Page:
BBC Radio 4 has covered veganism – and how it is becoming popular with young people in the UK – as part of its The Food Programme series.
The broadcaster set out to answer a question: “Is this just a trend that’s fine for the hipster herbivores of Camden, or can it gain traction across the country and start a food revolution?”
The piece is presented by Grace Dent – a prolific restaurant critic and foodie.
‘Young and cool’
In search of the answer, presenter Grace Dent visits the Vegan Hackney Downs Market along with spoken word artist Jay Brave.
She also interviews BOSH! founders Ian Theasby and Henry First, blogger Fat Gay Vegan, and North Devon vegan cafe owner Maria Rose.
Standing at the street market, she says: “As me and Jay stand in this buzzing, all-vegan street food market down a back alley in east London filled with street stalls selling vegan doughnuts and cakes, and vegan pie and mash, and vegan mac and cheese, and dim sum and burritos, and we’re stood beside long banqueting tables full of young, cool vegans, I have to tell you, things in the vegan world, especially in 2017, they seem to be changing.
“And I also have to confess that, even as a restaurant critic, and as one of those horrors who turn up on Masterchef to make the chef cry, a woman with Britain’s fanciest organic and ethical meats at my disposal, I’ve always preferred to eat things that never had a face.
“Over the past 12 months, I’ve lived a vegan life more and more. For me it feels better.”
Dent says the vegan scene is ‘exploding’ – a state of affairs she describes as ‘fascinating’.
With choices now available in high street restaurants and supermarkets, it is a stark contrast to her teen years in the 80s, when she was a vegetarian (‘and vegans were from another planet!’).
‘In 2017, it feels like the vegans are making some serious progress in taking over planet Earth,” she adds.
Jay Brave adds: “In the time I’ve been vegan there have been some very interesting things that I have noticed looking at the scene broadly.
“Now, if we were to break down say European, or politically white, or say African or politically black vegans, there are very different approaches as to why and how they become vegan.
“Now, from what I have recognized, a lot of the white vegans are very much about animal activism first and foremost – seeing the pain and cruelty to other sentient beings and how they can redress that.
“Whereas by and large, a lot of African and black vegans that I’ve met, it comes from a place of personal autonomy and how they can take back control of their own diet in a system in which they are not in control of many of the things which we purchase.”
Dent also looks at the role of social media in the growth of veganism – saying it has ‘set light to the movement’.
Before the internet, she says, ‘to be vegan, was to be alone’.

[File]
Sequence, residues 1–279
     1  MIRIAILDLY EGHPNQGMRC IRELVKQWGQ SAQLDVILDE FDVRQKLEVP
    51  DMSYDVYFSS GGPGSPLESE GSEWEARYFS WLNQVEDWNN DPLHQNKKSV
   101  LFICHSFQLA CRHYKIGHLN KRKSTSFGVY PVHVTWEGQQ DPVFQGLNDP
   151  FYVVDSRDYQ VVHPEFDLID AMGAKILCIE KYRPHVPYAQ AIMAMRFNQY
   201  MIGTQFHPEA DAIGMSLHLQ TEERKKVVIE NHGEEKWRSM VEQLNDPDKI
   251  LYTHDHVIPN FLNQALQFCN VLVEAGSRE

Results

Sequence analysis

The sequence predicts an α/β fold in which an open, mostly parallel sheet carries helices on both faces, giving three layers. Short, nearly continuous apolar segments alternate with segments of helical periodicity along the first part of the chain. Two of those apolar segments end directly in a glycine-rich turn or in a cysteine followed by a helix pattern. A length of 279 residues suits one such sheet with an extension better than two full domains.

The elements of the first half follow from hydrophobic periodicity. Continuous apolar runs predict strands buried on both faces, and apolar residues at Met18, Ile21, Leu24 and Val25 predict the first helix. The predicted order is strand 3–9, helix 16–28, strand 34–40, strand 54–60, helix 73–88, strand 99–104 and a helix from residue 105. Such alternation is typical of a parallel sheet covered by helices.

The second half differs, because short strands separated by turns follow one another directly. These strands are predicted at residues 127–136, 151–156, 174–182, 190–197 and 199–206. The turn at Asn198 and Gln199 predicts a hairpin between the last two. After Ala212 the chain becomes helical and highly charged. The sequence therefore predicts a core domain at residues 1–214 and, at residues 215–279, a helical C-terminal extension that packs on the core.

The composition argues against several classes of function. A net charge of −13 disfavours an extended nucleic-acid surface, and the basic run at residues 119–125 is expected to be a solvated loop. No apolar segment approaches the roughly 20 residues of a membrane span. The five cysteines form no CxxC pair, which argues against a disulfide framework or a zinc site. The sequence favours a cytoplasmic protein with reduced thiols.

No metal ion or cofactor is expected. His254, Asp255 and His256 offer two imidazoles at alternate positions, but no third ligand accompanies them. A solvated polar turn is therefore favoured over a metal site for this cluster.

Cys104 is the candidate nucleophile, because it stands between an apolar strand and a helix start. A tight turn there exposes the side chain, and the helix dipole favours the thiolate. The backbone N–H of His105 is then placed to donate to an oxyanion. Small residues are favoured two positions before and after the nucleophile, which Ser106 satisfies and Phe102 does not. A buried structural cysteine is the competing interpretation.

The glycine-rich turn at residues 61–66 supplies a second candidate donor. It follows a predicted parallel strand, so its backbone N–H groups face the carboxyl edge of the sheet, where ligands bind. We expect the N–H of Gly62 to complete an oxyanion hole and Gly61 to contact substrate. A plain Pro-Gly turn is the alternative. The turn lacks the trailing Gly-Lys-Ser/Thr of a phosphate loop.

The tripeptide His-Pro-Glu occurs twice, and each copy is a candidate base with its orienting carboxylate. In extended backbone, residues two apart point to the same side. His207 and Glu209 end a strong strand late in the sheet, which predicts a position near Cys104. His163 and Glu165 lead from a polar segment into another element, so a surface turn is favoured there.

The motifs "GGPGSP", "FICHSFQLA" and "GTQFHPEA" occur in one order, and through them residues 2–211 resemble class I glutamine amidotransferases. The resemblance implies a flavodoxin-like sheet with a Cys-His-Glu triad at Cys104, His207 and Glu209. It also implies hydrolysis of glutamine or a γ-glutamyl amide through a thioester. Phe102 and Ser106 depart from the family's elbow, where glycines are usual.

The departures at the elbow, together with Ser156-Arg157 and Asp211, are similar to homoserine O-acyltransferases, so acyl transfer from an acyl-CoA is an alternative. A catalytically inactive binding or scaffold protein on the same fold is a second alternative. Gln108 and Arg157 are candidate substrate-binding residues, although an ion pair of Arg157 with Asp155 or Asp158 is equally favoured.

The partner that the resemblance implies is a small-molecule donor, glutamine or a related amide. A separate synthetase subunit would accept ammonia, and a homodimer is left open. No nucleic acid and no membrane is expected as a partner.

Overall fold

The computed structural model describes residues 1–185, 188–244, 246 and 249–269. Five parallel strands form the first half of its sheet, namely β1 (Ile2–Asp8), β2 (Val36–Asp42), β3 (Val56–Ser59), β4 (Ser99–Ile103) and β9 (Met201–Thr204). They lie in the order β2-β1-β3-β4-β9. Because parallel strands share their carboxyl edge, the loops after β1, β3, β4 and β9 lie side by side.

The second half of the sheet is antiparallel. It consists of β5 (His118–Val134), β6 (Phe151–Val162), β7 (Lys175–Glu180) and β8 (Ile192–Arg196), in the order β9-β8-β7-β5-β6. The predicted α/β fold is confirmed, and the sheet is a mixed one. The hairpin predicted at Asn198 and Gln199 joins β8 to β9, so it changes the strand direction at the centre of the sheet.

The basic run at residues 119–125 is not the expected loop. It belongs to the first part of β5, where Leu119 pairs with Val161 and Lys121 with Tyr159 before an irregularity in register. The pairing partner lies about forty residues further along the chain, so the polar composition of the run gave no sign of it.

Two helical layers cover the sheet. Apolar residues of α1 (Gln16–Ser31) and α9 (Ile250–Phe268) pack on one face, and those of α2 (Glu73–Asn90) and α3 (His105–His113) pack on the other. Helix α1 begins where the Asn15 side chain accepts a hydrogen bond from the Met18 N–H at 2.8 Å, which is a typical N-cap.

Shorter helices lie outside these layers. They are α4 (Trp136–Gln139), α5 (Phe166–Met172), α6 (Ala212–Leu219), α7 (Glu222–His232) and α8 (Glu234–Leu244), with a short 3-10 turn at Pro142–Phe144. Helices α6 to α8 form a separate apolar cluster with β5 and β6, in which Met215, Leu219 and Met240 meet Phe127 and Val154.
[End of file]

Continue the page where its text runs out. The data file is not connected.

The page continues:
Now, those days are over, she says, citing food giants BOSH! – Henry Firth and Ian Theasby – as part of the new wave of ‘young, bright and beautiful face’.
Firth says: “We knew we wanted to show everyone how to make delicious vegan food, we thought the traditional method of having chefs on camera was a bit old fashioned, boring – and maybe wasted people’s time.
“So we decided to make pared back videos to show people how to make the food in one or two minutes.”
Sean O’Callaghan – perhaps better known as Fat Gay Vegan – is another familiar name who makes an appearance.
“I hold Fat Gay Vegan and his blog responsible for how veganism has grown in my life,” says Dent.
“He was on the food program in 2013 and since then has set up the Hackeny Downs Vegan Market in 2016.”
Fat Gay Vegan says: “I do what I do to help people feel good or feel celebrated about being vegan.
“It should be fun – it shouldn’t be a chore.”
Speaking to Plant Based News about the program – and about his appearance on it – Jay Brave said: “I am very happy to now be getting mainstream coverage for my vegan activism.
“To be honest, I have been trying to be vocal and public in the fight for equality, humanity and compassion for the best part of a decade but, the media (and society’s lack of appetite for being reminded of their responsibilities) have largely not been interested until a ‘cool’ cache was added to it.
“Now that I have been given an inch I will be doing everything in my power to take mile after mile until we have effected sustainable cultural change.”
He added: “I will be continuing to create fun, catchy and engaging content to draw attention from new, younger audiences but the seriousness of my overarching ministry grows in its necessity everyday.
“The onus is on us, creators, to redefine the future before those that would destroy our environment in the name of capital, leave us as a footnote of history.
My personal responsibility begins with me, individually, but reaches to my family, friends, community and further.
“By ‘being the change’ I lead by example and only ever expect the same from the people I come into contact with.”
You can listen to thefull program here